The State of Ohio's attorney general announced Wednesday his office has filed a lawsuit against the five largest manufacturers of opiates.
Attorney General Mike DeWine conducted a news conference to announce the major litigation and said pharmaceutical companies use sales reps visiting doctors offices to market and down-play the risks of opioids.
Evidence shows these companies "put profits above health and well-being of Ohio consumers," DeWine said.
The five companies included in the lawsuit are:
• Purdue Pharma
• Endo Pharmaceuticals
• Janssen Pharmaceuticals
• Cephalon Inc.
He also said millions is spent on ads and medical journals to fund messages to ensure the marketing of these drugs is consistently delivered.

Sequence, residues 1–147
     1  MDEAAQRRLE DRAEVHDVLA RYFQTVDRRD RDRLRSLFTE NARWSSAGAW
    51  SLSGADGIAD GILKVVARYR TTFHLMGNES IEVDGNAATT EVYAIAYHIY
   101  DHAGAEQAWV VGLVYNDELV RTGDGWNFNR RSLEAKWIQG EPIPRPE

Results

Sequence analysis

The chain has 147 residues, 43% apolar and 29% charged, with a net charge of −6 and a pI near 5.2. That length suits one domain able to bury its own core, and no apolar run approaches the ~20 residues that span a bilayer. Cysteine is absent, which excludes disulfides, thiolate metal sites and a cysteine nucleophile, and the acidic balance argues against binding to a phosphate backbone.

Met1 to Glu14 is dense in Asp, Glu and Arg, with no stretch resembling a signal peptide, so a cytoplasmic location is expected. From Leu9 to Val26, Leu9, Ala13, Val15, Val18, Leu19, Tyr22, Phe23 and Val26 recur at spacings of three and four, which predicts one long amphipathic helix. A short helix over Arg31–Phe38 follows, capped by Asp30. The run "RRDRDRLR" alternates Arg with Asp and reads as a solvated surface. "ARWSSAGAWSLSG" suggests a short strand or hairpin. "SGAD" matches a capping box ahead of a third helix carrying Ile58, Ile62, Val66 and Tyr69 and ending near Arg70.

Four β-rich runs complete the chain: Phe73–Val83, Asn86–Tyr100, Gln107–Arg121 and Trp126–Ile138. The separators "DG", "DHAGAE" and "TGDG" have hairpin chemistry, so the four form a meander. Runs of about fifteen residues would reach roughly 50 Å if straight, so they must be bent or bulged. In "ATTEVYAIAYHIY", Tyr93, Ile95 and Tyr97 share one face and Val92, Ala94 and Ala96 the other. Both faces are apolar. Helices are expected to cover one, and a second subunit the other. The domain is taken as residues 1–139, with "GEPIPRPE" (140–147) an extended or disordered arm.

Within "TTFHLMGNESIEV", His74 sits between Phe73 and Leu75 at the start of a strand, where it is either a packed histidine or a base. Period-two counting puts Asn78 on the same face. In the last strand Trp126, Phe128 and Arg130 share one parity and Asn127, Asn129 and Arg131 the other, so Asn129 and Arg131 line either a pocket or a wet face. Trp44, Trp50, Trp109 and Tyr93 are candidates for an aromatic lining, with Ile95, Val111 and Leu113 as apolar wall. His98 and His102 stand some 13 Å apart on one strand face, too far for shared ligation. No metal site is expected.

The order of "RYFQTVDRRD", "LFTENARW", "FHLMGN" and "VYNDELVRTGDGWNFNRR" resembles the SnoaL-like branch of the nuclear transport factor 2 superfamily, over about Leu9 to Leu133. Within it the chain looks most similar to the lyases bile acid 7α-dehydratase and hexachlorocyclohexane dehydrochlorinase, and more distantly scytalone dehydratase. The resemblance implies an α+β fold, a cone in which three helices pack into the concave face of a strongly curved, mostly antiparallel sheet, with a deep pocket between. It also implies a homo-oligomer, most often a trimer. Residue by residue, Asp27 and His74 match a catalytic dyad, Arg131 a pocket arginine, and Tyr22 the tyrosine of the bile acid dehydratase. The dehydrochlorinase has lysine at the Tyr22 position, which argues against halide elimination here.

DeWine on heroin epidemic: 'It was a fire stoked by greed … intended by a multi-billion dollar industry.' pic.twitter.com/PyD3DsMb7m
— WCPO (@WCPO) May 31, 2017
DeWine said the problem is how addicted Ohio's residents are getting to these drugs. Addiction is leading to use of heroin, which is an epidemic in the state, he said.
"Coroners in Ohio are struggling to keep up with the body count," DeWine said of the opioid crisis.
The lawsuit was filed in Ross County, Ohio, which is one of the more struggling areas in terms of the drug epidemic.
“We have enough to go on, enough to go to court," DeWine said. "I think it’s my moral obligation to do this."
He said the sales of opioids accounted for $11 billion in revenue in 2014 with projections growing to more than $17 billion by 2021.
In March, a U.S. Senate committee said it is conducting a probe into opiates manufacturers and whether they are responsible for over-prescriptions and thus overdose deaths.
Ohio saw more than 4,100 drug overdose deaths in 2016, according to the Columbus Dispatch.
DeWine also said the five companies should be held responsible for Medicaid fraud because infants born to addicted mothers cost $105 million in hospital expenses in 2014. He is suing for damages on behalf of the state and consumers.